Over the last generation, the New York metropolitan region has seen sweeping change, much of it for the better. We have caught up to the nation in private-sector job growth; more people are optimistic about their future; and the tri-state area is recognized as one of the world’s most economically vibrant regions.
Yet our success is fragile. The region has progressed as a whole, but too many people haven’t shared in this growth. Real incomes have actually declined over the last 25 years for the majority of families. Some of the fastest-growing problems are in our suburbs, not in New York City. And we are more vulnerable to disasters than ever before. Above all else, our governing institutions are failing to make the hard choices necessary to address our most difficult problems. These challenges threaten to squander our advantages and leave the region worse off a generation from now than it is today.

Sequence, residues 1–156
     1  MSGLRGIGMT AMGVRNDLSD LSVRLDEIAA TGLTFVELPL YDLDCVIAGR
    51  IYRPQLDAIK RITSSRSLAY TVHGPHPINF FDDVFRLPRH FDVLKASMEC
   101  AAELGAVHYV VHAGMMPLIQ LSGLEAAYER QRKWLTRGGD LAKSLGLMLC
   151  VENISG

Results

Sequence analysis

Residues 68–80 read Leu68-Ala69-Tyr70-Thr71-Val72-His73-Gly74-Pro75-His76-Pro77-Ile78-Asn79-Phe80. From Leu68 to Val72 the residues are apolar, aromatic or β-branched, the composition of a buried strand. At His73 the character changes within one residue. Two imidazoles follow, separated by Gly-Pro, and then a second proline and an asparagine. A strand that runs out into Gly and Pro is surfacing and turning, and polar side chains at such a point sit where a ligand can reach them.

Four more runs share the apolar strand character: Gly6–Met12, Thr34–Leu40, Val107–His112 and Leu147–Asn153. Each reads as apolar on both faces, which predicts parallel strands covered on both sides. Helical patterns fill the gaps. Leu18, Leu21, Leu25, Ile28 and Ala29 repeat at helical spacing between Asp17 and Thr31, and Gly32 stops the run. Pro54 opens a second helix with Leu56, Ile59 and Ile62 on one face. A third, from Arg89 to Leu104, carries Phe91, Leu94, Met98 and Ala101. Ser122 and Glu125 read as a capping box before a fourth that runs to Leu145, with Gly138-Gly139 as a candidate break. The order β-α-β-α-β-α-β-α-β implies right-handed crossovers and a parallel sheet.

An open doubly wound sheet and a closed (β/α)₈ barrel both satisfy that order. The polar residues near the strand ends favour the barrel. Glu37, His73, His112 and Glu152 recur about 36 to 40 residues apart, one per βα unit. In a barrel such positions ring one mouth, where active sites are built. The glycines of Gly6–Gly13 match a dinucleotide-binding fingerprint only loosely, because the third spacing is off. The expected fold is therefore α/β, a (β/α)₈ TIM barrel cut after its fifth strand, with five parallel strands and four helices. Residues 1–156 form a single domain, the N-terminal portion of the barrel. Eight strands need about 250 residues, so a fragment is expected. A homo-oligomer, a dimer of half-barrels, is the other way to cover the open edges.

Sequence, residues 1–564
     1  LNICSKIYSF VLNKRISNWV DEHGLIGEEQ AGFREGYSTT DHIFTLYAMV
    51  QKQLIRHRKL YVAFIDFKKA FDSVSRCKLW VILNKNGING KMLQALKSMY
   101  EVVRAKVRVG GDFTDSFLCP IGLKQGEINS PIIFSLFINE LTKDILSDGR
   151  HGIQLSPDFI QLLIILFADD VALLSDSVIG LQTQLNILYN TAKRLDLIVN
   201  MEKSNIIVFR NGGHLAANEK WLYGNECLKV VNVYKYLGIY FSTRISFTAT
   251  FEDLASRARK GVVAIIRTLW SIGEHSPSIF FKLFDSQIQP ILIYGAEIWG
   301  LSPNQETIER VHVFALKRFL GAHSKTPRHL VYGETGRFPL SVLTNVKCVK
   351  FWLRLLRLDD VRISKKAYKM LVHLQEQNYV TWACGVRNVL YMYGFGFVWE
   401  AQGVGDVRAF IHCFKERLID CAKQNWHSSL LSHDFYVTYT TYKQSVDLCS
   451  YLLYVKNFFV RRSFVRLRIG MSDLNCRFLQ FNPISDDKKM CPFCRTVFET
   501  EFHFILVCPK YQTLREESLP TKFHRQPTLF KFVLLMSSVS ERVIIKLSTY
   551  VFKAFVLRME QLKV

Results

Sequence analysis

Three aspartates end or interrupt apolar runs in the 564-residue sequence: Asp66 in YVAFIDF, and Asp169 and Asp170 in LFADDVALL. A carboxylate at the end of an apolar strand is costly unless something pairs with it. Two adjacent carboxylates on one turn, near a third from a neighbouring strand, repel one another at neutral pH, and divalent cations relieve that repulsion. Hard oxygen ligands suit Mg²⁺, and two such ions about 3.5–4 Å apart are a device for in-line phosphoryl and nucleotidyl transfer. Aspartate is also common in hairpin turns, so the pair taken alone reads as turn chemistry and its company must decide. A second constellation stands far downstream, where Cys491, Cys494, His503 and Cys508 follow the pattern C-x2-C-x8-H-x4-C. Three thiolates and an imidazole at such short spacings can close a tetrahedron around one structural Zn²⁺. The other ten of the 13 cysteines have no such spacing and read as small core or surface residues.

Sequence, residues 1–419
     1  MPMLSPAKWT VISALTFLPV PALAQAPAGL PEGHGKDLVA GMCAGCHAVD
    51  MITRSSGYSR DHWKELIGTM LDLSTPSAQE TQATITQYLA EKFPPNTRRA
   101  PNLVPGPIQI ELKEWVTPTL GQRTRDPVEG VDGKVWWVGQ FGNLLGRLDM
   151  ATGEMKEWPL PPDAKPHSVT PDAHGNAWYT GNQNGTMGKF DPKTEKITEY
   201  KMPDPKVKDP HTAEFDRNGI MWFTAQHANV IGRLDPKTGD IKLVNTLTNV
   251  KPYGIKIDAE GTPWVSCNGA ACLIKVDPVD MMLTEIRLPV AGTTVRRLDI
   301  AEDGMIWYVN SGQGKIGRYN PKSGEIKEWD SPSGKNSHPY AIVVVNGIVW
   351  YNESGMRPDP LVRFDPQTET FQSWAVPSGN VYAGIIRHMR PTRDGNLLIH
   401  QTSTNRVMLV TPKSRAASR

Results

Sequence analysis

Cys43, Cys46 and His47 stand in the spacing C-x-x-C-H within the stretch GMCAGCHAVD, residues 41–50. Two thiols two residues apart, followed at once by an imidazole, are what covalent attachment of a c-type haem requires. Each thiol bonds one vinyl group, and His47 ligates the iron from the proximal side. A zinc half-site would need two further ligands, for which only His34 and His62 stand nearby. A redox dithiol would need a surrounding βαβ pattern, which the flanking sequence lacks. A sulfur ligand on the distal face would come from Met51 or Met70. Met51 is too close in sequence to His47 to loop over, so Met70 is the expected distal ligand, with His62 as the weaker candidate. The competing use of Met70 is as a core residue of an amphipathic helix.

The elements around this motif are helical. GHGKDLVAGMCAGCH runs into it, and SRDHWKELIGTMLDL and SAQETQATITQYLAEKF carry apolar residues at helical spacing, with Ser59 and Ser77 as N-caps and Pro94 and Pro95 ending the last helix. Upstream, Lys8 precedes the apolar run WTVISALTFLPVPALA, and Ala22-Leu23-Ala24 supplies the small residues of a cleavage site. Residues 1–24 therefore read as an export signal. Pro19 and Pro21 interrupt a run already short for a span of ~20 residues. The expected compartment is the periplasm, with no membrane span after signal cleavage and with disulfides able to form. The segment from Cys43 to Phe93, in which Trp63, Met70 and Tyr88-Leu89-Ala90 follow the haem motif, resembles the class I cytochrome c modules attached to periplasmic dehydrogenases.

People are choosing to live here and the economy is flourishing.
More people live in poverty today than a generation ago, and the middle class faces wage stagnation and a crisis of affordability.
When incomes don’t keep pace with prices, or if the hassles of living here outweigh the advantages, it becomes harder to attract and retain talented workers.
In the second half of the 20th century, our suburbs grew quickly as residents abandoned cities. That pattern has been upended.
From the Sept. 11 terrorist attacks to the devastation of Hurricanes Sandy and Irene, catastrophic events have exposed the region’s vulnerability to disasters of all kinds.